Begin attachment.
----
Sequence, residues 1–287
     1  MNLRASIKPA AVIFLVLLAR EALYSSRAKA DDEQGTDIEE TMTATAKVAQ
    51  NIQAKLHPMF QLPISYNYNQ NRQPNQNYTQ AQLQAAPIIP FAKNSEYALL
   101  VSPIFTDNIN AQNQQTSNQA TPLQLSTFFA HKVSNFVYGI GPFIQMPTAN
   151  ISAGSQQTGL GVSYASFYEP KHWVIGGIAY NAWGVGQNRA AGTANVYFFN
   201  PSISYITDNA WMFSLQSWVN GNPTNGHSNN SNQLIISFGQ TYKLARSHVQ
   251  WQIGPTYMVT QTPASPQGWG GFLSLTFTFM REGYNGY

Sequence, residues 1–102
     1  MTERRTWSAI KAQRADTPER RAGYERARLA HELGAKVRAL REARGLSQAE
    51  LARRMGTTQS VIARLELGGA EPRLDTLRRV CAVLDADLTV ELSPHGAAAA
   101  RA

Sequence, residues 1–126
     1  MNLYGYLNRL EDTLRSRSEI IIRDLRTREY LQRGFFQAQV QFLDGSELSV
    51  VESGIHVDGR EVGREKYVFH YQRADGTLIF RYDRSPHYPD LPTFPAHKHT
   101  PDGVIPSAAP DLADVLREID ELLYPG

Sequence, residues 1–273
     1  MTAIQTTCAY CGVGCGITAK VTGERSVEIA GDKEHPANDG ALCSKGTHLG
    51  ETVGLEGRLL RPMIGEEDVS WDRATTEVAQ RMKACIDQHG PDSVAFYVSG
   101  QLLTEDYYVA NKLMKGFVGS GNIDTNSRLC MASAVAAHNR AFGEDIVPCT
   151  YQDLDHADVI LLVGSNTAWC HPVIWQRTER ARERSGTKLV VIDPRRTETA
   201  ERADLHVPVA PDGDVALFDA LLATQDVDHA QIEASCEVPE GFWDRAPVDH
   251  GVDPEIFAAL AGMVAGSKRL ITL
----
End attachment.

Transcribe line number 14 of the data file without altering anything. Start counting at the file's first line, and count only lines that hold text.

    51  VESGIHVDGR EVGREKYVFH YQRADGTLIF RYDRSPHYPD LPTFPAHKHT